Sports Viewers Stream Their Teams, Changing the Game for Pay TV

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Signs are that it's working: 400,000 people have already liked it on the Soccer AM Facebook page.

According to Selander, more than 35 percent of Whistle Sports' audience is not based in the U.S. An international expansion has been planned for a while, led by Jeff Nathenson, former YouTube head of football, based out of Whistle Sports' new London office.

“Even before Sky we had several hundred thousand followers in the U.K.,” says Selander.

 “While soccer is a focus for us given its massive global fanbase, the Whistle Sports social media experience is less about 'which ball' and more about the uplifting moments in sport—and those moments tend to cross boundaries.

“Millennials are global sports fans: They like to stream global sports content and discuss it on social media,” he argues. “Sport is inherently exportable compared to other verticals. A ball goes into the net in the same language whether you're in North America, Scandinavia, or China. We think there's real value in owning one vertical like sports.”

Sports Rights Shift Online

Whistle Sports has content deals with the NFL, Major League Baseball, MLS, NASCAR, the PGA Tour, and the Harlem Globetrotters. The leagues share archived content with Whistle Sports, though not live games. While Google has so far not dipped into its purse for live rights it could be just a matter of time, using growing YouTube sports fans as a base.

Live rights to streamed content from the major leagues remain at a massive premium, but signs are that both rights owners and internet players want to shift the action online. The NFL will stream the live game between the Buffalo Bills and Jacksonville Jaguars on October 25 from London's Wembley Stadium on Yahoo sites—the league's first exclusive pact with a digital channel. The NBA and Turner Sports streamed the first live game on Facebook in simulcast with cable's NBA TV.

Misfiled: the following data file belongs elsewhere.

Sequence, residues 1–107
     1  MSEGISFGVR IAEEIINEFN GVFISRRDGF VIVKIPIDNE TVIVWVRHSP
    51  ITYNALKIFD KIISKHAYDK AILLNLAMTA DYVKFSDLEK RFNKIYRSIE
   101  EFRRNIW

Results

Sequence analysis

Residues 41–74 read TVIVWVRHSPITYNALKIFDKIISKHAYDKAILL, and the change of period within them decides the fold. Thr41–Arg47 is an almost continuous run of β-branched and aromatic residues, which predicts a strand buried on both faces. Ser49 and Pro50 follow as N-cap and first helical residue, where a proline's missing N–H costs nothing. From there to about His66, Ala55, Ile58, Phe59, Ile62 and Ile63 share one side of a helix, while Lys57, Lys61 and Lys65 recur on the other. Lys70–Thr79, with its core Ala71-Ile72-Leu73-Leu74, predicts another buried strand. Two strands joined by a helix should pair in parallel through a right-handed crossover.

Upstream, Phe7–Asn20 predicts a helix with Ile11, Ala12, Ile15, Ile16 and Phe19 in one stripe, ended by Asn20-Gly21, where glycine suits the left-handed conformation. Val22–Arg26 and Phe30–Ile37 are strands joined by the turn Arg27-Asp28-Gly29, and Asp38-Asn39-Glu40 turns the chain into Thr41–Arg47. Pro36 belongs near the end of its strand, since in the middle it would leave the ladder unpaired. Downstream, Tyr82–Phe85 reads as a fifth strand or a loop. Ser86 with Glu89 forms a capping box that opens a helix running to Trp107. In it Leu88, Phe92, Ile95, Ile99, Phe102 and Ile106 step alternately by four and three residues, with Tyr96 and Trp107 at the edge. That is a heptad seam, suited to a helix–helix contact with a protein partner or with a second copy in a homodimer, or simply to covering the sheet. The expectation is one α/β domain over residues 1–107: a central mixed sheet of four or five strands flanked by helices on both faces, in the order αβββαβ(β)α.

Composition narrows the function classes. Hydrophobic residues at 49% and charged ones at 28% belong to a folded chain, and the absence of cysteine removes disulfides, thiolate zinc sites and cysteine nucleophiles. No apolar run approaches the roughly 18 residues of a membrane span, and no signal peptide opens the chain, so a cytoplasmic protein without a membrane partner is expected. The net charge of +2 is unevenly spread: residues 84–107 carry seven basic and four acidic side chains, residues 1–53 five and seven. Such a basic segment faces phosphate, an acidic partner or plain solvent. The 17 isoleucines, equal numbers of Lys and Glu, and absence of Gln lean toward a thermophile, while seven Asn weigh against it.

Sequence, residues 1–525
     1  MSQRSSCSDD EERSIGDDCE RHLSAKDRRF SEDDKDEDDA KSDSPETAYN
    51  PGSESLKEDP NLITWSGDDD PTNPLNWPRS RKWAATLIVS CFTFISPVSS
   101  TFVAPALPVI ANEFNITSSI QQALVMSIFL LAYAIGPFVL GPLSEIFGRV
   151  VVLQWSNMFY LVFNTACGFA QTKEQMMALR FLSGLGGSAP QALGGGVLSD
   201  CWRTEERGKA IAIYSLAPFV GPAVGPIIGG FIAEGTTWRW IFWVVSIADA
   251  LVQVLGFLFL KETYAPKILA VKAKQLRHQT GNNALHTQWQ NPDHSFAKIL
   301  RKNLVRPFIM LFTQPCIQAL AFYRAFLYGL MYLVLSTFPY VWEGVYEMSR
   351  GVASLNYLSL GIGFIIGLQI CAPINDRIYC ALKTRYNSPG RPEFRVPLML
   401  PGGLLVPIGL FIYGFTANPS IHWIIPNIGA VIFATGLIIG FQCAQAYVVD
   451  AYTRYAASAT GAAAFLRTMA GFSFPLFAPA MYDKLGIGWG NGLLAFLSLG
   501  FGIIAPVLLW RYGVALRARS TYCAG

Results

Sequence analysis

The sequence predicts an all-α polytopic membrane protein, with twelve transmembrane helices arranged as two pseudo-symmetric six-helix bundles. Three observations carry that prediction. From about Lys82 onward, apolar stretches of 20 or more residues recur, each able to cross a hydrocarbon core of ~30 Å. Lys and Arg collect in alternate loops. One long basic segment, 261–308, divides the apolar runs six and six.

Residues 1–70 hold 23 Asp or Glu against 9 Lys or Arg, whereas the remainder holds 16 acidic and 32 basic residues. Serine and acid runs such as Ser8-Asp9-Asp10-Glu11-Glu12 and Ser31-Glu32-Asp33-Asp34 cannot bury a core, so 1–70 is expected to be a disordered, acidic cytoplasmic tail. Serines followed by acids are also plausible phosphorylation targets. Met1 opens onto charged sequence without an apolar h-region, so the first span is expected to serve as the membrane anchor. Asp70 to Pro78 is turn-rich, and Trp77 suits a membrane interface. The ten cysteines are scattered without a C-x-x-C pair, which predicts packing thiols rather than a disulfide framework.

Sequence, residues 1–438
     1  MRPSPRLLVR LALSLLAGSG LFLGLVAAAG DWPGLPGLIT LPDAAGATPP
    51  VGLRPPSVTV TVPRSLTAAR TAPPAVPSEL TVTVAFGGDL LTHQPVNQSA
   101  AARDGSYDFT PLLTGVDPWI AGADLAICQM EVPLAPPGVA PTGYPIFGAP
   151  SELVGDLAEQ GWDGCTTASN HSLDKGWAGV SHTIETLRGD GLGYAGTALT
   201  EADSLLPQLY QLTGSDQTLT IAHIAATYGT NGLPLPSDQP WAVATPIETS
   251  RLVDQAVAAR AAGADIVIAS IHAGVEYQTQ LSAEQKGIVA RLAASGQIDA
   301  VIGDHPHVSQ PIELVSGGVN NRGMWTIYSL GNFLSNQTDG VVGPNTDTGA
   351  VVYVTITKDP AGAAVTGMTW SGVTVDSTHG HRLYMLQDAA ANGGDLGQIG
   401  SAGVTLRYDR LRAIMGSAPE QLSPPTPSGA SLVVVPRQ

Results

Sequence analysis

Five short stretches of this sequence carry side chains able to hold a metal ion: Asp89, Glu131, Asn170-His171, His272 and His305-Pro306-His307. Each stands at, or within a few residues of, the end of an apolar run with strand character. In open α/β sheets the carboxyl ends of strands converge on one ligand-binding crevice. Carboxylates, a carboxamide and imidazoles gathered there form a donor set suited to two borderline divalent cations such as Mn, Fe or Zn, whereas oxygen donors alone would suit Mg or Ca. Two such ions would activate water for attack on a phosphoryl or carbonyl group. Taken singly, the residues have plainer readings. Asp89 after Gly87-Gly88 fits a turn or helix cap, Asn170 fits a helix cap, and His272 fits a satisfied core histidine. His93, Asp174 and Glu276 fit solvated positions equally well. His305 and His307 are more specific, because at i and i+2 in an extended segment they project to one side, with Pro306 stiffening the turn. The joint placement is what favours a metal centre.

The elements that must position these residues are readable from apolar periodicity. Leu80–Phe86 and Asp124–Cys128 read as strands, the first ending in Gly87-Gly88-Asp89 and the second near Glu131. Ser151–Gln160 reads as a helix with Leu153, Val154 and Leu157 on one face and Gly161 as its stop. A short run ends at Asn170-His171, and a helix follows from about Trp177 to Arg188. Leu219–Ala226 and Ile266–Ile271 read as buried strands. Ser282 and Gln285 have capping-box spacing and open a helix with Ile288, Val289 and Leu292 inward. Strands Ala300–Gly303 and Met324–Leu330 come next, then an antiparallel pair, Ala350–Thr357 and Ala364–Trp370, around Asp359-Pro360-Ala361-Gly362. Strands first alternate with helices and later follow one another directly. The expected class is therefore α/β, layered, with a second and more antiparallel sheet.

“When you look at the NFL streaming rights paid by Yahoo, it's a breakthrough, but sports rights is not the best use of our money,” says Selander.

BigBalls CEO Thomas Thirlwall says rights holders are keen to share content with the network for free.

“With the connection with fans that we have we find that footage is being offered to us for no payment because rights holders are very keen on making sure they engage with the right audience which for them is the future of their sport.” As an example, Copa90 gained exclusive behind-the-scenes video access to the Brazilian soccer team during the World Cup 2014. “Football leagues and clubs want to play the game in front of fans. They want loyalty from fans and they realise that this group is being consistently overlooked by traditional media and are going online first.”

From 2016 to 2020, Sky will be able to take advantage of a new deal with the English Premier League allowing it to show clips from every EPL game across its digital platforms, including in-match content and highlights. That's something the Soccer AM social site could tap into.

The Sports TV Disruptor

However, there is skepticism from BigBalls which says it was approached by Sky to partner with the broadcaster.

“I don’t know any business that can survive by ignoring the next generation of fans,” says Thirlwall. “We’ve spent the last five years only going after that audience. We know how to talk to them because we listen to them and we invite them to be a part of the conversation. When we listen, we react and alter our programming to give them more of what they want."

The sports broadcast community will come more and more into this space, he says. It’s difficult to move away from legacy business models. “The problem is that big media businesses always handle young audiences very clumsily, and often in a very patronising way. We’re a massive disruptor of traditional linear broadcasting. The way we engage sports audiences, the way we find our talent, and the editorial tone of the stories we tell defy all previous logic that applied to TV sports programming.”

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